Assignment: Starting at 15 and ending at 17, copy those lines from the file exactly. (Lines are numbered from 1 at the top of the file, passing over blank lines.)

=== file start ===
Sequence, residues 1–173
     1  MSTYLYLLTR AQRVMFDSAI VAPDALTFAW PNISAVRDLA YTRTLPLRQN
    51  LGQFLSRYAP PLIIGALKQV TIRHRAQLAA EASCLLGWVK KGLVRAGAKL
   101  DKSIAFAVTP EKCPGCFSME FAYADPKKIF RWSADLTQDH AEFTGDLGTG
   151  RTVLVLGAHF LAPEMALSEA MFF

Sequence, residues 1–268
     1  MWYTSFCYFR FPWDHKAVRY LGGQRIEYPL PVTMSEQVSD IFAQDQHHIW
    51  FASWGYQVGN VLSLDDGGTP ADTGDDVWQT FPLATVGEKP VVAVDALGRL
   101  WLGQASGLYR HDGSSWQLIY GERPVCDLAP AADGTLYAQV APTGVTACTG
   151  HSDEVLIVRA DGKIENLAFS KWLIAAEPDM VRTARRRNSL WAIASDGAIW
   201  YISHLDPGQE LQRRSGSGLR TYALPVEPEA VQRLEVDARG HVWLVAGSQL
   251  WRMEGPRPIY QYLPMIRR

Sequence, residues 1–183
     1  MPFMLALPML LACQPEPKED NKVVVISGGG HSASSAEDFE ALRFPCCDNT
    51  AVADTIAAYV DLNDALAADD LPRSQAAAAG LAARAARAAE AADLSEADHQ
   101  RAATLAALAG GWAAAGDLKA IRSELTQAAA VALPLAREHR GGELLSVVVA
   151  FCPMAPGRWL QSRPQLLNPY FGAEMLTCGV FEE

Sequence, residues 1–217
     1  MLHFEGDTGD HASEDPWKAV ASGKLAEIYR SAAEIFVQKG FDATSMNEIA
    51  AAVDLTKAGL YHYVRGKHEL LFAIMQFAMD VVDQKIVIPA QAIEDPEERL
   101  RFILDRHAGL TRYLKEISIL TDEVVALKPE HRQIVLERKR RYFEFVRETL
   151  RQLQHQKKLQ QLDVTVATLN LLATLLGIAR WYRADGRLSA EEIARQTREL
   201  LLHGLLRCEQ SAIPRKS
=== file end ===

    51  AVADTIAAYV DLNDALAADD LPRSQAAAAG LAARAARAAE AADLSEADHQ
   101  RAATLAALAG GWAAAGDLKA IRSELTQAAA VALPLAREHR GGELLSVVVA
   151  FCPMAPGRWL QSRPQLLNPY FGAEMLTCGV FEE